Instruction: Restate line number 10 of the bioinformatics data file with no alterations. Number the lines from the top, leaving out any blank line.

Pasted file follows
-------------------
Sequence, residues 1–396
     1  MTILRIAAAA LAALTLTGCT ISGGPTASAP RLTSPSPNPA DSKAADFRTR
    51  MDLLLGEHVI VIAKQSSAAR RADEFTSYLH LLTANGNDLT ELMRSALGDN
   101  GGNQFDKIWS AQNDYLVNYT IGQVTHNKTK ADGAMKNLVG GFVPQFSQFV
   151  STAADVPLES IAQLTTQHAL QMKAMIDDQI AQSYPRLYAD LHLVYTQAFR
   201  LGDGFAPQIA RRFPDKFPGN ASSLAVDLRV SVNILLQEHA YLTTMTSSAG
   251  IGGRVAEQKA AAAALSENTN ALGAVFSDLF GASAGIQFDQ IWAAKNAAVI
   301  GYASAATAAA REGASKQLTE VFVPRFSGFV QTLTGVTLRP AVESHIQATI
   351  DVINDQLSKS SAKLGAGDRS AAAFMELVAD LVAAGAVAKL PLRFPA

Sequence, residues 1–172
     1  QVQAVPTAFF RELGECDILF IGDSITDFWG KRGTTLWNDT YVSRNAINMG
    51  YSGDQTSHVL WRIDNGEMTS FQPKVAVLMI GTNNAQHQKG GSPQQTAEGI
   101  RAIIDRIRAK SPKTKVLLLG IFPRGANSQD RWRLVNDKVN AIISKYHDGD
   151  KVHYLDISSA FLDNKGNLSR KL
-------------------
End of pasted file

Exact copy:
Sequence, residues 1–172